of fillet at dinner, but fewer still would leave anxious to know more. They had no temp­ or sat down. But as I have said before, I say
much of a pound of Weber’s candies if it tation to gossip, because the doings of their again, Mrs. McDowell was a very handsome
came in their way. When they are married neighbors formed a subject very much less woman.—Cor. New York Graphic.
and the first heir comes they drop that fool­ interesting than those which grew out of
Beautiful Sunlight Effect.
ishness, Nature being too strong for them, their knowledge and their culture. There
It is well to see the warmth we cannot feel,
and eat they must. But it is in violation of are neighborhoods in which it rages like an
and we know of no more effective way of
their code of refinement still, and so they eat
neighbors are made enemies by it for life. gratifying the eye than to place panes of
like gluttons and lose their figures, have pink
The cure is not so difficult. We have agri­ ruby glass in or over the door. The effect
cabbage complexions and eyes like pickled
cultural papers, religious, scientific, political of the sunlight through this medium in a hull
olives. They look gross and are socially
papers, devoted to every interest, great and is very beautiful—Chicago Herald.
spiteful and jealous, largely from indigestion.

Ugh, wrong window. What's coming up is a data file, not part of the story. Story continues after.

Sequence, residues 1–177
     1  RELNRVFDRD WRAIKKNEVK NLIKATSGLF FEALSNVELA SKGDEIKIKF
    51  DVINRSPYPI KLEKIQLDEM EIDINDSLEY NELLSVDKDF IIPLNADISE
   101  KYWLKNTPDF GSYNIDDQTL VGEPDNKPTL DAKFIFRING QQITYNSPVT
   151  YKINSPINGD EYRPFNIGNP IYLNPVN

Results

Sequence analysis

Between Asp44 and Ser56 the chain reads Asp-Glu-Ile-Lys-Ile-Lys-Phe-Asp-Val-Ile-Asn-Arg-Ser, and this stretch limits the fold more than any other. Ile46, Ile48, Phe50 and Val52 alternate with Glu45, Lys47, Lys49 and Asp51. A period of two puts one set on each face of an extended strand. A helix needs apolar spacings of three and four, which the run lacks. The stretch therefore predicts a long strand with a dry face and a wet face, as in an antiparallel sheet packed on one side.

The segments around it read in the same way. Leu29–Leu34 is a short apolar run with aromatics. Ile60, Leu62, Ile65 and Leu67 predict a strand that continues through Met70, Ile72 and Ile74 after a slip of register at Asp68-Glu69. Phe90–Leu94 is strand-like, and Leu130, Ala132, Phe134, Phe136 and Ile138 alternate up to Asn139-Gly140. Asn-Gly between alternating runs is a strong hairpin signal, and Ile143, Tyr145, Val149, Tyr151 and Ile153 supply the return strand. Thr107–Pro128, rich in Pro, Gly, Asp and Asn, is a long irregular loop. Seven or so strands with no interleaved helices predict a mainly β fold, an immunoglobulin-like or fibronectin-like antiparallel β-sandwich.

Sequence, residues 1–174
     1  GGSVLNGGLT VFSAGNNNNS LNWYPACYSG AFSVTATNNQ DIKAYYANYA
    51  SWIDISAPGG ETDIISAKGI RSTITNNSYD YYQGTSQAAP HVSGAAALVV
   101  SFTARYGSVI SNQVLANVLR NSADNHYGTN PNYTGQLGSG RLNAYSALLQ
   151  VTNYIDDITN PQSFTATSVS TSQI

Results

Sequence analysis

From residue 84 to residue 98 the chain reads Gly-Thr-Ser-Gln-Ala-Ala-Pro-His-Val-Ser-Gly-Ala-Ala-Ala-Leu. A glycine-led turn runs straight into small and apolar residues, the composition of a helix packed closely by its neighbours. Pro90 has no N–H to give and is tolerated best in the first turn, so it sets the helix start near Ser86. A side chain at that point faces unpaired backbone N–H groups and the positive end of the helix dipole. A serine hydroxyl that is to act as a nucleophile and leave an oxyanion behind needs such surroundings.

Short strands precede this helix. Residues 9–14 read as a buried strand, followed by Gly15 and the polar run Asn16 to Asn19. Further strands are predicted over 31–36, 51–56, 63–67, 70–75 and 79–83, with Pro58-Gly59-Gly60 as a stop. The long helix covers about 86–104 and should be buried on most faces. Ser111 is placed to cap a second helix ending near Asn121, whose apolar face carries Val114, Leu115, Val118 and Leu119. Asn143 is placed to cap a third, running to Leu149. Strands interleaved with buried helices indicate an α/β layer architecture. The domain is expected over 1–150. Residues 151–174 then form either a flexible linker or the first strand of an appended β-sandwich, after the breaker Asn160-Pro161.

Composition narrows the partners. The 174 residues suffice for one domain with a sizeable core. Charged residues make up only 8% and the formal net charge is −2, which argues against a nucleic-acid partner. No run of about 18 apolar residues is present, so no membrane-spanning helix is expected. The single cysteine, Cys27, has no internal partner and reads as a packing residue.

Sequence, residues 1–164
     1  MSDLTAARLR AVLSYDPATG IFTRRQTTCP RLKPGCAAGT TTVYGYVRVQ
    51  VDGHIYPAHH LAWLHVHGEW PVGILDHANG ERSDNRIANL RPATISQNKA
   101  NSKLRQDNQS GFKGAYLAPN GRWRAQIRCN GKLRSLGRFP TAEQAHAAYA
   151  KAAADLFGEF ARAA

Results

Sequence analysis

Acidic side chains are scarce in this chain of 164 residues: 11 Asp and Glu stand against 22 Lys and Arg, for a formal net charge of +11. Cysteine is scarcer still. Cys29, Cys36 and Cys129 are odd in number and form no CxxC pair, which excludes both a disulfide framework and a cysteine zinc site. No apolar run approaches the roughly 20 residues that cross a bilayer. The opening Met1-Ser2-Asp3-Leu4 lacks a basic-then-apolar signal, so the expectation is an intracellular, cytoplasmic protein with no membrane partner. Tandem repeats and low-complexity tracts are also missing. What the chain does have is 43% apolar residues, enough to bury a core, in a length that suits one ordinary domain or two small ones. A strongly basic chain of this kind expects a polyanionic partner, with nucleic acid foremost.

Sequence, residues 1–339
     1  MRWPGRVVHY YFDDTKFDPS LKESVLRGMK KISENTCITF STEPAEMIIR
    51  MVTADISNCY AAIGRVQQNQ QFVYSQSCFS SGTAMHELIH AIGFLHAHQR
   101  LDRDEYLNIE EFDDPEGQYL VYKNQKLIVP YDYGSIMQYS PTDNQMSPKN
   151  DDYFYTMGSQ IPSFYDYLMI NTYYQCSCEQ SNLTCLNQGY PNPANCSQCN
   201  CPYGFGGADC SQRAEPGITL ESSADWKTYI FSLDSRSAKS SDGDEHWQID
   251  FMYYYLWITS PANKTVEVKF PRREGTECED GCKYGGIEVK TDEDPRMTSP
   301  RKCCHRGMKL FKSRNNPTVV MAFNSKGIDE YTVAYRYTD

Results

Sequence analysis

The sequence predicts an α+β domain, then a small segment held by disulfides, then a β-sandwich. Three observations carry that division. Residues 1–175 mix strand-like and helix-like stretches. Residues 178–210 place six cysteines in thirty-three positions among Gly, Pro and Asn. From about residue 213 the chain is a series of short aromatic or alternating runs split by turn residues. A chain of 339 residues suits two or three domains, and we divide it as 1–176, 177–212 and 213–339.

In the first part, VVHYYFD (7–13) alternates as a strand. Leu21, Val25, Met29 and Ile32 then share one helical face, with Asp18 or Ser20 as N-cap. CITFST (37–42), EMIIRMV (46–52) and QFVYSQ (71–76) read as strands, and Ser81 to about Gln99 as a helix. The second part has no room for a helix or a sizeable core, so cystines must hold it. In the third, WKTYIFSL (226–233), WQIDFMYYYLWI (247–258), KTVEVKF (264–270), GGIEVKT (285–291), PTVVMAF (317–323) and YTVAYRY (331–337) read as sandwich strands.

small. Surely if reading is a cure (certainly
Byron must have seen young married society
a help) there is food for all tastes in this di­
Moderation In Bathing.
women dine when he made his profession
rection. With the mind and brain bank­
Water is serviceable to the skin in only
that he could not bear to see a woman eat, rupt foi; the want of something to busy one's
and it is not to be wondered at. Their way self with—about these spring up the tempta­ moderate amounts and at moderate tempera­
of chewing has someth ng swinelike in it. tion to gossip; and there is such a thing as It ture. Very cold or warm baths, when used
You needn’t laugh—just watch the next becoming chronic—practically incurable. in excess, diminish the elasticity of the skin
thick corsaged matron you see at lunch and Let the young, those just starting in life, be­ and its power of resistance to external irri­
observe the chopping movement of the jaws^ ware of it.—Mrs. A. E. Hentou in Courier- tants.—New York Graphic.
If I had a daughter I would set a swing
To Cleanse Mica.
glass on the table before her every meal till
Take a little vinegar and water and wash
she learned to eat properly—to grind, her
Making Children’s Clothing.
the mica carefully with a soft cloth; the acid
food quietly like a human being, not chop it,
Baby's wardrobe is soon outgrown, and removes all stains, and if a little pains is
as stout maiden ladies and fat young women
long clothes must give place to small and taken to clean the corners thoroughly and
always do. It is certain to give a vulgar set
dainty frocks and petticoats, which look so
to the lips in time. I es aped being bidden exactly like every other child's clothing that wipe them dry, the mica will look aa good as
to Windsor—they tell me it is awfully slow it to absolutely necessary to mark in some new.—Detroit Free Press.
dining there, but the way her majesty ab­ way all of Eugene’s belongings, if there are